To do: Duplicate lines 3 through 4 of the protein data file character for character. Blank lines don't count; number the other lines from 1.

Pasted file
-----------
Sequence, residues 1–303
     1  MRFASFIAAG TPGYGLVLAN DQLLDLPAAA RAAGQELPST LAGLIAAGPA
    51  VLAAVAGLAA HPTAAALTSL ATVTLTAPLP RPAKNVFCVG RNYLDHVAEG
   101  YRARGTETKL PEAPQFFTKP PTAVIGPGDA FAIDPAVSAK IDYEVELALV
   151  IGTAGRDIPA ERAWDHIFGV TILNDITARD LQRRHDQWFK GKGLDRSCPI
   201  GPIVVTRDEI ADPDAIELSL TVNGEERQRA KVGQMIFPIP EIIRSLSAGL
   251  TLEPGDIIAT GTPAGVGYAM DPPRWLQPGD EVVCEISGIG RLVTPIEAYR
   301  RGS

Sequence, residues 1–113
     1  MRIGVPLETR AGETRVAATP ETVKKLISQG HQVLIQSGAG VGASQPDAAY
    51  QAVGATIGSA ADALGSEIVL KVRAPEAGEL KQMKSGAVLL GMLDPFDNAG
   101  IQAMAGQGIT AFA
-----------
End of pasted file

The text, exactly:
    51  VLAAVAGLAA HPTAAALTSL ATVTLTAPLP RPAKNVFCVG RNYLDHVAEG
   101  YRARGTETKL PEAPQFFTKP PTAVIGPGDA FAIDPAVSAK IDYEVELALV